Islamabad’s two constituencies for National Assembly seats – NA 48 and NA 49 – are seemingly up for grabs in the forthcoming polls. Despite its geographical proximity to the centre, or perhaps because of it, this area could never develop into a particular party’s stronghold.
This year, too, analysts see tough competition between three mainstream parties, the PML-N, the PPP and JI, looming ahead, with PTI potentially the tie breaker.
JI takes the lead in NA 48
NA 48 was won by Jamaat-e-Islami (JI) in 2002, only to be taken by Pakistan Muslim League-Nawaz (PML-N) in 2008. Pakistan Peoples Party (PPP) candidates were runners-up both these times, bagging an impressive number of votes.
Judging from the scale of the election campaign, JI’s Mian Muhammad Aslam seems to be ahead of his competitors at present. “Aslam has been campaigning for the last five years and was JI’s bankable candidate,” said Sajjad Abbassi, JI’s information secretary in Islamabad.
Having won the 2002 polls, Aslam was a strong candidate in 2008, as well, before his party decided to boycott elections.There are over 30 people contesting the seat, including first timers like PPP’s Faisal Sakhi Butt and heavyweights like Makhdoom Javed Hashmi. PML-N’s Anjum Aqeel Khan is plagued by scandal. He lost the bulk of his goodwill during his five-year tenure, rocked by a real estate scandal, and even served time in jail. According to sources, he is the party’s candidate only because of a lack of options.
New challenges for PML-N in NA 49
In 2008, PML-N’s Dr Tariq Fazal Chaudhry won the seat by a very slim margin, despite enjoying a powerful biradari (clan) vote. This time, the PPP and PML-Q have teamed up against him. Furthermore, Pakistan Tehreek-e-Insaaf (PTI) and JI, who boycotted 2008 elections, have also fielded strong candidates to give Chaudhry a run for his money.
Analysts say he still has a good chance, but ‘upset may just occur’. There are a total of 58 candidates in the race for this seat, but the real contest is between PPP’s Mustafa Nawaz Khokhar, JI’s Zubair Farooq Khan, PTI’s Malik Illyas Meherban and, of course, PML-N’s Chaudhry.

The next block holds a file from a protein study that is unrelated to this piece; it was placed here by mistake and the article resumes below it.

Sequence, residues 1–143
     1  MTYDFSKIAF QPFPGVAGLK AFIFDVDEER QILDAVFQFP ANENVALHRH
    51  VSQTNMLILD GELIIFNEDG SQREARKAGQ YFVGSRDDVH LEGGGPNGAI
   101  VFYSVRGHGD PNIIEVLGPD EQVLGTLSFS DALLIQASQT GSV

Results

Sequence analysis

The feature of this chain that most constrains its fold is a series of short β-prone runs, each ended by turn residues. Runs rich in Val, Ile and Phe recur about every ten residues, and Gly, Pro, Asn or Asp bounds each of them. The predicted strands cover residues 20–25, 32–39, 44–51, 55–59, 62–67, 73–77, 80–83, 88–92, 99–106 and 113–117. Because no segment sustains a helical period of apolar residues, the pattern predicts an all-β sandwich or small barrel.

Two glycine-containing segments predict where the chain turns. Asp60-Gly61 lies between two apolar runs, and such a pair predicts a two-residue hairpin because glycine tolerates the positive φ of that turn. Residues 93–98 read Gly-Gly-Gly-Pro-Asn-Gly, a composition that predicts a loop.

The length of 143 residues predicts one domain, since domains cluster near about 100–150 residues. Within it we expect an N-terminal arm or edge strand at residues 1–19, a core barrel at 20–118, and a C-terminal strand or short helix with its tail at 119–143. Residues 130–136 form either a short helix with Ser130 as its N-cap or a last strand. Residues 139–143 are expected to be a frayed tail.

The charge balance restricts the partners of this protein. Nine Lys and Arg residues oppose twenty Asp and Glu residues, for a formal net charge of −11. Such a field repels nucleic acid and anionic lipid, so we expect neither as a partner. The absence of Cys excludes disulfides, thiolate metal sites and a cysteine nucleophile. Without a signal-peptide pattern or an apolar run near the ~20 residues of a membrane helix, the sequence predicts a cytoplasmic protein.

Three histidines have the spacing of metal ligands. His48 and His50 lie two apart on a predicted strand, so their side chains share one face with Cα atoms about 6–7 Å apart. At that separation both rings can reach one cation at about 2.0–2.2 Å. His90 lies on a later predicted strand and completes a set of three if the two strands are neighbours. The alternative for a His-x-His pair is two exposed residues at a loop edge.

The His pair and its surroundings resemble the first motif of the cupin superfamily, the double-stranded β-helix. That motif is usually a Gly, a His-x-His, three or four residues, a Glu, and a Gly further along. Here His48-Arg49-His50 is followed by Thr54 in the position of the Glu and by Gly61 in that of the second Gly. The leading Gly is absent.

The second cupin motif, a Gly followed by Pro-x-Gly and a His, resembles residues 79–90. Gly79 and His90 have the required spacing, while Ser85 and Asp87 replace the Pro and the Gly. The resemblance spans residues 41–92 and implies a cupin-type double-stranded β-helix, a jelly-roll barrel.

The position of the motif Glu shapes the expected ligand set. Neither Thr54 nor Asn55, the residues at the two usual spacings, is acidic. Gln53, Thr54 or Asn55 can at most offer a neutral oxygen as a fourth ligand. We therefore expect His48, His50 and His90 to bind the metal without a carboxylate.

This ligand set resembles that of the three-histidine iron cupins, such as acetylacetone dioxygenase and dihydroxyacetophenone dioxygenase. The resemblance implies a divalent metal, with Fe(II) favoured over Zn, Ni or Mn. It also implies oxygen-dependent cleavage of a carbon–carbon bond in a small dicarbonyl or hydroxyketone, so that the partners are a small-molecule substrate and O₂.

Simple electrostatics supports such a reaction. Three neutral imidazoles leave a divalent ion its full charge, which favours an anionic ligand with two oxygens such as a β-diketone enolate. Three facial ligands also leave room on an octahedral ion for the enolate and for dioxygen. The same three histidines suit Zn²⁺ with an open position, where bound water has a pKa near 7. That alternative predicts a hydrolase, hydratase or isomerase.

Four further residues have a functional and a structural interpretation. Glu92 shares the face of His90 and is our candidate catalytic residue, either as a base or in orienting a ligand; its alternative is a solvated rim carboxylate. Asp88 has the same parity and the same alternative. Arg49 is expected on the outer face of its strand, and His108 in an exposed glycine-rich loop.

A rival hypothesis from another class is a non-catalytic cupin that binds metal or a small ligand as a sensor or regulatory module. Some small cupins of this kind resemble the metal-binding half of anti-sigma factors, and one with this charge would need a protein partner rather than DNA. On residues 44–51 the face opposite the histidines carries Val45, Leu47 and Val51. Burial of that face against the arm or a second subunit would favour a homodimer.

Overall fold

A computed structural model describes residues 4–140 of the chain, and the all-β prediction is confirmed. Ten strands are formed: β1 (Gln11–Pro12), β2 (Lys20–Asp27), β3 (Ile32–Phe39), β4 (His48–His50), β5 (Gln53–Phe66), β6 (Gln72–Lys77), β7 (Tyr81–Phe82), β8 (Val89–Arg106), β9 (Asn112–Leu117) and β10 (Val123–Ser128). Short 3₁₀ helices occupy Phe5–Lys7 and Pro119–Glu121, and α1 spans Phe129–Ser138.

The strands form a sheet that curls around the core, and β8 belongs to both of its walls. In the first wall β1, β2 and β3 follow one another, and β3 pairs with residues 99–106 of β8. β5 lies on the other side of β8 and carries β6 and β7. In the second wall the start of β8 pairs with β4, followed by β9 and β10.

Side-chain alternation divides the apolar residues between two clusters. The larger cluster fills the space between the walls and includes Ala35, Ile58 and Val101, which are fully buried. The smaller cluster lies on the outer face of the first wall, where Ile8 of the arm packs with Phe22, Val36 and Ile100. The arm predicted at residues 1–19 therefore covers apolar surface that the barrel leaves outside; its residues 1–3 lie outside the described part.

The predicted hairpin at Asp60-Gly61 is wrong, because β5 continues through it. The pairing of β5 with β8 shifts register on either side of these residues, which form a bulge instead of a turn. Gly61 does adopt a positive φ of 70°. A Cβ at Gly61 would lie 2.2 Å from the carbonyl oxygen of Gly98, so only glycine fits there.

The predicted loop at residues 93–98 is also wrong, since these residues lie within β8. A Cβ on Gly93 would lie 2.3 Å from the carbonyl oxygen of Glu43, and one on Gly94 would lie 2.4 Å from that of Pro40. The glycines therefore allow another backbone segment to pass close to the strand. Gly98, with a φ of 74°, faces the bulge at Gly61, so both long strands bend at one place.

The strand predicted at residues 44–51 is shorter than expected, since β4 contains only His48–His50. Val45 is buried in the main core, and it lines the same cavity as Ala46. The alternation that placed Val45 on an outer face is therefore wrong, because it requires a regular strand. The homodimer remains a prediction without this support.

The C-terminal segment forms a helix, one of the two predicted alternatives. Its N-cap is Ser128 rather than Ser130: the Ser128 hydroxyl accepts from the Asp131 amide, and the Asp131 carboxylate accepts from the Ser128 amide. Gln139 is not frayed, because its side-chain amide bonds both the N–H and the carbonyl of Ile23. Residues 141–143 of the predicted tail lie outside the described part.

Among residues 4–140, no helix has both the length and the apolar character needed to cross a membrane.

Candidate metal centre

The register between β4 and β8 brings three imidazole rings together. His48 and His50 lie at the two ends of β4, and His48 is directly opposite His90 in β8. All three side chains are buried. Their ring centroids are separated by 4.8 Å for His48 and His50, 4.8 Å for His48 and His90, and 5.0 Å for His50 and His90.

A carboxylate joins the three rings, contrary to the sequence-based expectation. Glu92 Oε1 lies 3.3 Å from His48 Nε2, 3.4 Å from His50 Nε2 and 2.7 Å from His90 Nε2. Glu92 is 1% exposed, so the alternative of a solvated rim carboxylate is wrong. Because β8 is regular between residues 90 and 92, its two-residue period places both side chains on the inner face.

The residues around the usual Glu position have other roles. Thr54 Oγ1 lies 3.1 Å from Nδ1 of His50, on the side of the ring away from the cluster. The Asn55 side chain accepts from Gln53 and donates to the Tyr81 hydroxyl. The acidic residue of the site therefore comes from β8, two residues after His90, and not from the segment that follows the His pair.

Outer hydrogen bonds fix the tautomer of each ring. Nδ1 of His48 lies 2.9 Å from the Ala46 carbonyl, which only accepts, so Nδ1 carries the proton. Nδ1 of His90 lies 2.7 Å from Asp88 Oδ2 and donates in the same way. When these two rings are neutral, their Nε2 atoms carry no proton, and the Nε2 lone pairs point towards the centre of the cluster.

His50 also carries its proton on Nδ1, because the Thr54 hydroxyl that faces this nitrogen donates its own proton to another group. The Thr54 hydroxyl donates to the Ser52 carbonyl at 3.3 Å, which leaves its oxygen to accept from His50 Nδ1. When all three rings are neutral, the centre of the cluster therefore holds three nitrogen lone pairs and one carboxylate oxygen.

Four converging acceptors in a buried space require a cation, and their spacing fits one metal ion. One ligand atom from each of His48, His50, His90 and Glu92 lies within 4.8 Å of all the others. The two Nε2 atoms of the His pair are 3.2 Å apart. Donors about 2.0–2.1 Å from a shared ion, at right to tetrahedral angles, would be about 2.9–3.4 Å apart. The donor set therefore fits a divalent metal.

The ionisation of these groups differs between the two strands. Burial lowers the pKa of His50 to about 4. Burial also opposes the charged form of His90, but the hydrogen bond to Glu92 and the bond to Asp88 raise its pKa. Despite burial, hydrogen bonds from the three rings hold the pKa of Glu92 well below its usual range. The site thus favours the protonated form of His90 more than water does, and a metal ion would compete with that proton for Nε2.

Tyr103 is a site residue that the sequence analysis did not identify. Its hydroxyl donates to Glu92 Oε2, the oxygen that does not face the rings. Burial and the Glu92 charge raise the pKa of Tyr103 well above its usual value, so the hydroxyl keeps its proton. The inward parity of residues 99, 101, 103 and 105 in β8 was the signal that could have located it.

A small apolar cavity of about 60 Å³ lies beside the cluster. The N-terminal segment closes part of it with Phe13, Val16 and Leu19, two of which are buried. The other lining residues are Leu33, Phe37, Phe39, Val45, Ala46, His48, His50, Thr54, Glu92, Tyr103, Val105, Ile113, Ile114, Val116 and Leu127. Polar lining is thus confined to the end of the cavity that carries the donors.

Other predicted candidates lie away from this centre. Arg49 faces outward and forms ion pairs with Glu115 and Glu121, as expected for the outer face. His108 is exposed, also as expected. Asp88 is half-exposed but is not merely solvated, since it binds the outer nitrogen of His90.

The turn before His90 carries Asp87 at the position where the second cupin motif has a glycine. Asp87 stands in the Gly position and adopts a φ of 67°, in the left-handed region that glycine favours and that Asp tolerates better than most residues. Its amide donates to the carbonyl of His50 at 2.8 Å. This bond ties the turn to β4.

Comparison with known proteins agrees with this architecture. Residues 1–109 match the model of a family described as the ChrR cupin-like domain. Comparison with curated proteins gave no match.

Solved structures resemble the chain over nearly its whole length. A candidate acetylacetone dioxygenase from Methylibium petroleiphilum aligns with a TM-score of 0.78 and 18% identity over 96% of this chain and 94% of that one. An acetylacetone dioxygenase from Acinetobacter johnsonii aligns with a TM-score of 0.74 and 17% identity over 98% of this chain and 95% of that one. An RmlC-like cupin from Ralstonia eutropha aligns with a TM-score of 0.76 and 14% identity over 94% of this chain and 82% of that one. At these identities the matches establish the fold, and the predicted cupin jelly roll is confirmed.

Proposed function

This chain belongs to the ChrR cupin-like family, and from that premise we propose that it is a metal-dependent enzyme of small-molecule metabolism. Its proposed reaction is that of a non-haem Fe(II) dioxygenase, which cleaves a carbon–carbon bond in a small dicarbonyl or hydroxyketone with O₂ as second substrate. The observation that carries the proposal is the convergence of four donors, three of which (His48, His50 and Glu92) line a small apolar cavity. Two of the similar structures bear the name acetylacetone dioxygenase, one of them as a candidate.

No independent candidate poses a real threat
The PPP has chosen Khokhar over Bokhari, who had defeated Khokhar in 2002 by a large margin. Bokhari is currently chairman of the Senate. A local PML-N worker said Khokhar is a tough competitor for Chaudhry, as JI and PTI candidates will break into some of the PML-N vote bank. Furthermore, the PML-Q has decided not to field its candidate against Khokhar, as a result of seat adjustment between the two parties. JI awarded its ticket to Zubair Farooq Khan very early on. While he is considered as one of the strongest candidates, some party workers are not optimistic. “His family constituency is NA-48, where Mian Aslam is contesting,” said a JI worker. PTI’s Meherban, a certain choice for his party, is an influential agriculturist and educationist from the Tarlai Kalan area. Although considered a strong candidate, it remains to be seen whether he can topple the top three.
At least two dominant families exercise their influence within NA 48. This constituency comprises half of Islamabad’s urban area and the demarcated territory of Sangjani, Golra Sharif, Shah Allah Ditta, Serai Kharbuza, Tarnol, Madhu and other rural areas. Voting patterns in NA 49 are influenced by the biradari system and some personality cult. The constituency comprises largely rural areas. The Bokharis, Khokhars and Chaudhrys all enjoy a considerable biradari vote. Major urban areas include Chak Shehzad, Humak Town, Sohan, Industrial Area and Rawat, while the rural areas include Tarlai Kalan, Pind Begwal, Kirpa, Dhok Natha, Pandori, Loi Bher, Pir Sohawa, Nur Pur Shahan and Sheikhpur.
Published in The Express Tribune, April 23rd, 2013.